Was this review helpful?
Well written story.  Excellent dialogue that moves the plot along quite nicely.  Great plot.  Well developed world without an info dump and the world building did not get in the way of the story.  Operator Helen is one tough cookie and I want to read more about her and her world.
Was this review helpful?
Well visualized

Helen is OPS, who while sleeping in a gel bed, is thrown across immeasurable distances to guide the nanites (here called "eenies") that are building space outposts that will eventually house star gates. This work thrills her, until the day when a powerful feedback loop roars back the communication channels and kills Ted, Helen's Navigation partner, the one who keeps the mission on the right road while Helen goes forth. Helen is devastated but climbs back into her gel bed to try to discover the source of the feedback so that no one else will be hurt. Instead she discovers an industrial espionage plot and what turn out to be aliens.

This is the first book in what promises to be an exciting new series. The writing is a bit rough in places (mostly the overuse of particular phrases) and a bit of weak character-building (the bad guy is a bit one dimensional) but these sins aren't enough to turn me off.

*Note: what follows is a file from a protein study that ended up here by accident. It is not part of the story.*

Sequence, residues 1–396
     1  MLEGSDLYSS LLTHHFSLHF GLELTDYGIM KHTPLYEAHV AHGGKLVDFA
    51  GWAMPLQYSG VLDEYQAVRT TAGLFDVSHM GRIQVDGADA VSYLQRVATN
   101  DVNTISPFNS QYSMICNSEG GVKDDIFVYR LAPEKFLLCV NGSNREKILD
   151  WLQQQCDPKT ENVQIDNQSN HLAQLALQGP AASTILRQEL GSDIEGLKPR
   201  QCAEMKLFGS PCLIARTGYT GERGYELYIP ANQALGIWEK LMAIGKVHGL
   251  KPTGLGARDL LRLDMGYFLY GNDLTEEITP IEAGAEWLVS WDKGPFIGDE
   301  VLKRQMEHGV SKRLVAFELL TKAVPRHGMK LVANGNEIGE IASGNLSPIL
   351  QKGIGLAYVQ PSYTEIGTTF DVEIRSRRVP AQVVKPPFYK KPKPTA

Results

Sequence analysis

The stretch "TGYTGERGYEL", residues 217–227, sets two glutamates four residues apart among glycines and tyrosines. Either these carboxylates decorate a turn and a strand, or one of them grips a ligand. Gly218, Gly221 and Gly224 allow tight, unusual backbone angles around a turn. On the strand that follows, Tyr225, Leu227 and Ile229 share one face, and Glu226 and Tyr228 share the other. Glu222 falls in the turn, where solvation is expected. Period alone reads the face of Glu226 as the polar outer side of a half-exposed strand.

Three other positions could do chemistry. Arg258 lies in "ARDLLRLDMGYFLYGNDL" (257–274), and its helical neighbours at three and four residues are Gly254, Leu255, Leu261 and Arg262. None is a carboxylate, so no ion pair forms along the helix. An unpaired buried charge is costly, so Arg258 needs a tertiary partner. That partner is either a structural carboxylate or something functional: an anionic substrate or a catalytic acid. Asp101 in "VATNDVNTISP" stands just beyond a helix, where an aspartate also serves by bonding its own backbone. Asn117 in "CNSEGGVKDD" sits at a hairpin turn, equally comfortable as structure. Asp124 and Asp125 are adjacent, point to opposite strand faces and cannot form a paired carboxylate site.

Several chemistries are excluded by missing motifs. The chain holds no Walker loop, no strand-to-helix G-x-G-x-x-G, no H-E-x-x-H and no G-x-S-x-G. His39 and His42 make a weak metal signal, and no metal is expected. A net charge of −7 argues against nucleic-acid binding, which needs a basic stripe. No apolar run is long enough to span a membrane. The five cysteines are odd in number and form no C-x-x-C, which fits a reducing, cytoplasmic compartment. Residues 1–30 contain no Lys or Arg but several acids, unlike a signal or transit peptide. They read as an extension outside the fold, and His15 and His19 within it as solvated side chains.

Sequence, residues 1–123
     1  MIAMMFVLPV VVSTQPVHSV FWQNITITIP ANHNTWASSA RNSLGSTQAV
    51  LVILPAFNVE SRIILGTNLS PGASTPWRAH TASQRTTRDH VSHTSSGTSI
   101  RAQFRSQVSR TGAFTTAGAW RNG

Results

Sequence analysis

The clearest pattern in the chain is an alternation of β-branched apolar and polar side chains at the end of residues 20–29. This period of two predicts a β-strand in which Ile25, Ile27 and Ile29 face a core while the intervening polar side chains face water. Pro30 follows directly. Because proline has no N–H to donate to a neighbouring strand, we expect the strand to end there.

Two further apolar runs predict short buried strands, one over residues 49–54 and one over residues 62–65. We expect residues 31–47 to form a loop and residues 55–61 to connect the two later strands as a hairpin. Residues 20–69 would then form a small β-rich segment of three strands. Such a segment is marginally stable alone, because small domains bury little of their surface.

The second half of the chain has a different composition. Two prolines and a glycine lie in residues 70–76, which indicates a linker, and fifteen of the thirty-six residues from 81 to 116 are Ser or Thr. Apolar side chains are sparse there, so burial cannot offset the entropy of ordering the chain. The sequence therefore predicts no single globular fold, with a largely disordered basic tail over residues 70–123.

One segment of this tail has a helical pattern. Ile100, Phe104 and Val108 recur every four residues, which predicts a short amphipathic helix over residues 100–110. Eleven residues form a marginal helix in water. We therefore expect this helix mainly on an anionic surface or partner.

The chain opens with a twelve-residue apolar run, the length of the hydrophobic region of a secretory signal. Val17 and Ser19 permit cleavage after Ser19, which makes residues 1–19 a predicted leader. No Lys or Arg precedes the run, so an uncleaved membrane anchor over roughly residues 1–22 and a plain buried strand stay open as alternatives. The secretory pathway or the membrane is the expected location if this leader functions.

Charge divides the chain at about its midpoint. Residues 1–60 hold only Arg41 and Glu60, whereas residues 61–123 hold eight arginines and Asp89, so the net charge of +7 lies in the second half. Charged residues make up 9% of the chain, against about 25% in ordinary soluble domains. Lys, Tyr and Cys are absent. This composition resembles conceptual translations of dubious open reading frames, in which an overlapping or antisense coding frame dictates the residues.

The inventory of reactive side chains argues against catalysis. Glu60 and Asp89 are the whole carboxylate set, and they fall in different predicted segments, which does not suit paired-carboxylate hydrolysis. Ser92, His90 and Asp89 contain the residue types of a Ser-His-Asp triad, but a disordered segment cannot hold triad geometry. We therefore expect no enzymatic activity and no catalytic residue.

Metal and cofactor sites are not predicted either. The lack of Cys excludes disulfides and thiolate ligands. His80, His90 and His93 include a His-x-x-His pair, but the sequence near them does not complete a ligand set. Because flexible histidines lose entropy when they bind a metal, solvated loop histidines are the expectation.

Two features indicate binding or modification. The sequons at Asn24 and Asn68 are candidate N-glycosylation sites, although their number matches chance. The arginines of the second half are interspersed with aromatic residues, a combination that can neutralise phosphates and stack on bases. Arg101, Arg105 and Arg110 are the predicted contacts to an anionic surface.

I look forward to the next installment.
Was this review helpful?
i really enjoyed reading this book, the characters were great and I really enjoyed the scifi story in the book. I look forward to more from the author.
Was this review helpful?
I have a strange relationship with sci-fi. Sometimes I really like it and sometimes it leaves me cold. This book straddles both for me, some of it work and some of it left me cold. The quality of the writing is very good at times it’s the sci-fi elements that didn’t quite tick all of the boxes for me. The book is much slower paced than I was expecting. The blurb makes it sounds like the book would have a lot of action. It doesn’t. It’s very slow at times. When it gets going I enjoyed it but there are a lot of lulls. I really enjoyed the sections of the book involving the characters controlling remote robots using quantum entanglement. Some aspects of these moments didn’t make a lot of sense but I found them entertaining nevertheless. The enjoyed the mystery aspects of the book, who the bad guys really are and who the main characters meets in space in chapter one. I actually enjoyed these more than the sci-fi elements. I’m a huge fan of mysteries and these aspects worked more for me. I enjoyed this for the most part.
Was this review helpful?
<i>Nucleation</i> is part cyberpunk, part space exploration and a whole lot of fun. 

The plot was well written with lots of suspense, action and mystery. I found the middle dragged a bit though as it felt like the plot wasn't really progressing and instead just revolving around itself as Helen wonders if it is aliens or corporate espionage. The conclusion was awesome and I was shocked by it. 

Helen was a interesting character. She was tough, strong, dependent, intelligent and determined to discover the truth. When her teammate dies I really sympathized with her and wanted her to discover the truth. I really liked her. The secondary characters were good, especially the main protagonist. She was a great villain with the perfect blend of egotism, intelligence, cold-hearted ways and lies.